The Distinguished Service Award is presented to those, selected by the SIVB President, who have demonstrated and given extra effort in support of the SIVB programs and endeavors. The following SIVB members were presented the Distinguished Service Award at the 2004 World Congress, held in San Francisco, California. Additional winners will be listed in future issues of the In Vitro Report.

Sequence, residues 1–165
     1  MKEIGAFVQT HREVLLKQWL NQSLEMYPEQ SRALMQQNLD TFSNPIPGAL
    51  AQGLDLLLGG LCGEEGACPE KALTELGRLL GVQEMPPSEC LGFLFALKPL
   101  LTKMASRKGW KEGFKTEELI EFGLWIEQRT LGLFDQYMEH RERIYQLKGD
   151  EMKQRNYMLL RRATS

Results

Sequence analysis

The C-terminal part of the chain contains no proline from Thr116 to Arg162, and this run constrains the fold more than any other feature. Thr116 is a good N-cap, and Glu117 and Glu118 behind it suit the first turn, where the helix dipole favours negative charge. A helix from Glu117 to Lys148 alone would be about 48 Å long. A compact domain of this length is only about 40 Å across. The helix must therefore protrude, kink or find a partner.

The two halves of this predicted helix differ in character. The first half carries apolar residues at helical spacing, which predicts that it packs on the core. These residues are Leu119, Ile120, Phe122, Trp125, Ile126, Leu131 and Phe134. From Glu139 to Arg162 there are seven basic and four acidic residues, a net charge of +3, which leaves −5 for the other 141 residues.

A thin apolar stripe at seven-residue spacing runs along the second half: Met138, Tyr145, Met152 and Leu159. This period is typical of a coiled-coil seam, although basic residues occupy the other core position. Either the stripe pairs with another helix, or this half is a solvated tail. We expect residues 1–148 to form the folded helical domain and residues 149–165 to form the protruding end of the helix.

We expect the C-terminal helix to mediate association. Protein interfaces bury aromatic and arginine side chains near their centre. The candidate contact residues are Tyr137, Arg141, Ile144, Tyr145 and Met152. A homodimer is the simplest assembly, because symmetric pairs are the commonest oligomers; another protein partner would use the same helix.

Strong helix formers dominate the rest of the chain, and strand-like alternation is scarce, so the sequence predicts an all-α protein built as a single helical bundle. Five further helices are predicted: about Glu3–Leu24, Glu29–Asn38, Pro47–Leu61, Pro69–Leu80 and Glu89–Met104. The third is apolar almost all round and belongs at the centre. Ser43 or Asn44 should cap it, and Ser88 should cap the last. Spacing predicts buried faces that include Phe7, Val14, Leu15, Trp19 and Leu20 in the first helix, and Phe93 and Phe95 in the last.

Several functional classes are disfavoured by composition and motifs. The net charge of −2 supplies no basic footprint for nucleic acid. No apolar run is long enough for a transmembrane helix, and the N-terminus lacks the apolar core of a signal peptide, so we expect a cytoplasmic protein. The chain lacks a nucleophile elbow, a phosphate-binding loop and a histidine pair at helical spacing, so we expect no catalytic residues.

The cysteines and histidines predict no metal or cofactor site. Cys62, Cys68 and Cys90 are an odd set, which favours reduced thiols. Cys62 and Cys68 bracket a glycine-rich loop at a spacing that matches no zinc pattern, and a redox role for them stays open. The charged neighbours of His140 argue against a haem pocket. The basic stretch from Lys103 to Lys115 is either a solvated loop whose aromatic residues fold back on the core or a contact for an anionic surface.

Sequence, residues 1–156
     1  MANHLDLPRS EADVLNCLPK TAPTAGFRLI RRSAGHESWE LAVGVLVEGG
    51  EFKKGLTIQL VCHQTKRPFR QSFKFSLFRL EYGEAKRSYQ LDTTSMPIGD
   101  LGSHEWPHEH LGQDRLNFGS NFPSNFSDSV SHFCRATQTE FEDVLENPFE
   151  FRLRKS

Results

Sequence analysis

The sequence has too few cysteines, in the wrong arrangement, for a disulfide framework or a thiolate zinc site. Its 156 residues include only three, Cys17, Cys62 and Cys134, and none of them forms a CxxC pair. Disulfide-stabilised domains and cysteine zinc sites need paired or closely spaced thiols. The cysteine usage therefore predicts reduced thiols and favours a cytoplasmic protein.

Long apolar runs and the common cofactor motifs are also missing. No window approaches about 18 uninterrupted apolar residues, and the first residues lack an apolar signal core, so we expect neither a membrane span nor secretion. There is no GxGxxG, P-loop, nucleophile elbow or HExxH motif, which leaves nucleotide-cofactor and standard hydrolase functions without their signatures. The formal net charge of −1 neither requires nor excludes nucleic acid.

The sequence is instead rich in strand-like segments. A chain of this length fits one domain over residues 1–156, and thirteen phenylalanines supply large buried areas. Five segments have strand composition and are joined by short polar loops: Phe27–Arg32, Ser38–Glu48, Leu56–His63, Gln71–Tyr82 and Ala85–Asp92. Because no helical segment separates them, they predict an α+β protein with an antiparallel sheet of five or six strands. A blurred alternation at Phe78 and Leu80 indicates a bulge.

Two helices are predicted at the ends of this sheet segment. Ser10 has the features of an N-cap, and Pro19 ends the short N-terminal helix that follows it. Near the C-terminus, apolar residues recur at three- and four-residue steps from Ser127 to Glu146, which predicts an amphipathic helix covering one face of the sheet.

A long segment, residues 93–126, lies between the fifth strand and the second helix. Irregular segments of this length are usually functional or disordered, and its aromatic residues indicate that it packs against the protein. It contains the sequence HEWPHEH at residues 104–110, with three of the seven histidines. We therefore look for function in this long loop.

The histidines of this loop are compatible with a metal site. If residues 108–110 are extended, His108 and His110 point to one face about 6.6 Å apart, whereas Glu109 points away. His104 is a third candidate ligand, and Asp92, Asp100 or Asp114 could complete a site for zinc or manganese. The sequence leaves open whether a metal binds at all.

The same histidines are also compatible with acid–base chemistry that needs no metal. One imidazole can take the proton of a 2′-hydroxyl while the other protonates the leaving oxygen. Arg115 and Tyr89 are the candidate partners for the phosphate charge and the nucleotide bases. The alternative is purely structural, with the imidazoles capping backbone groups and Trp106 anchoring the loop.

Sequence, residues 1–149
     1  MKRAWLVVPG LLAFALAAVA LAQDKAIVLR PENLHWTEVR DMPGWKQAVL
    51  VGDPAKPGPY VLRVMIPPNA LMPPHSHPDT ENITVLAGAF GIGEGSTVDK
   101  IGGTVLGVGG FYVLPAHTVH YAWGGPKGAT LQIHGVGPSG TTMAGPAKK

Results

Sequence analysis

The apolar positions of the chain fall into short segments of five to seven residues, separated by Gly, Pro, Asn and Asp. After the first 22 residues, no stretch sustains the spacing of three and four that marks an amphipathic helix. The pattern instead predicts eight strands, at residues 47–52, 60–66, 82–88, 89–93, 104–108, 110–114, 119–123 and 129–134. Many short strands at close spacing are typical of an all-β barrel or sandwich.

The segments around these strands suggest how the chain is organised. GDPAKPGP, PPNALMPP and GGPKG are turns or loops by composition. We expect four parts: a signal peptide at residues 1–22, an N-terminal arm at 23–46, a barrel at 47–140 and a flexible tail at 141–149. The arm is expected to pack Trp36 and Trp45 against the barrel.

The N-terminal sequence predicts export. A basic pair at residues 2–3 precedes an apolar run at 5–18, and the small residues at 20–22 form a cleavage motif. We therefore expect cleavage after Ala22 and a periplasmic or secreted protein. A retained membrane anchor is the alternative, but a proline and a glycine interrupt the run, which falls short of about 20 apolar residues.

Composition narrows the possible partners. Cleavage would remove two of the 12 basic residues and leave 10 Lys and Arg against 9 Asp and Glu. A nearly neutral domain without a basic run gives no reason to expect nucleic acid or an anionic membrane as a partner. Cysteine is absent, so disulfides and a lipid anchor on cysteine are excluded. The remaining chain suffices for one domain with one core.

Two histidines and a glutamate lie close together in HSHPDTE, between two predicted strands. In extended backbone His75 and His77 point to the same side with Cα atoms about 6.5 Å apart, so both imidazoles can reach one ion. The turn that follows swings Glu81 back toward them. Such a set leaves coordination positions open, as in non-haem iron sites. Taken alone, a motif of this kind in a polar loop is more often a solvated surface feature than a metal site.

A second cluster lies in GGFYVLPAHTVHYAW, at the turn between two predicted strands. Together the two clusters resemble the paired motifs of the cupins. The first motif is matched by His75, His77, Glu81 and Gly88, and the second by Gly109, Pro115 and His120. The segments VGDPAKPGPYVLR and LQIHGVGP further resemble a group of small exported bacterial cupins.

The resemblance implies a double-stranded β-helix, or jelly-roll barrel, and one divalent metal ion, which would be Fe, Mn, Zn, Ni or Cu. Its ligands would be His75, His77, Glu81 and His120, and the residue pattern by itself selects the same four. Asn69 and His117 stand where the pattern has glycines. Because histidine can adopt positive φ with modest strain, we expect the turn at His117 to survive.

In September 2004, Barbara Doonan celebrated 25 years as a scientist in industry. Her current position is Lead Senior Scientist at UST Inc. in Greenwich CT. At UST since 1989, she has enjoyed the opportunity to apply her broad background and expertise in biochemistry, molecular biology and toxicology to address company interests in areas such as plant biotechnology and health issues. Just prior to joining UST, Dr. Doonan was a visiting scientist at the Cold Spring Harbor laboratory of Dr. Elizabeth Moran researching cell cycle control in the adenovirus E1A system utilizing recombinant technologies. Her career in industry was initiated in 1979 at General Foods Corporation (GF) as a Research Scientist in the Nutrition and Health division directing such as short term animal toxicology GLP studies and studies designed to determine carcinogenic and mutagenic potential of various compounds e.g. halogenated hydrocarbons. Many of these projects were conducted in support of GF’s domestic and international coffee businesses addressing questions as to its safety aspects. This provided an excellent in depth introduction to this crop for Dr. Doonan which was enhanced further as she transitioned into GF’s Biotechnology Programs group to assume the direction of studies utilizing cell culture and microbial fermentation technologies for production of natural compounds e.g. specific flavors/unique enzymes from coffee precursors. In addition to teaching duties while a graduate student, research at the Master’s level focused on the study of bacteria and their viruses via development of a novel transformation system. Building on this foundation, she further expanded her background concentrating on the biosynthesis and metabolism of phosphate compounds in cyanobacteria and the development of improved techniques for visualization of enzyme activities at the molecular level. After receiving her doctoral degree from City University of New York, Dr. Doonan spent a year as an assistant professor at William Paterson College in Wayne NJ teaching general biology, human anatomy and physiology and electron microscopy. She is a member of Phi Beta Kappa, Sigma Xi, the Society of In Vitro Biology and a number of other professional societies.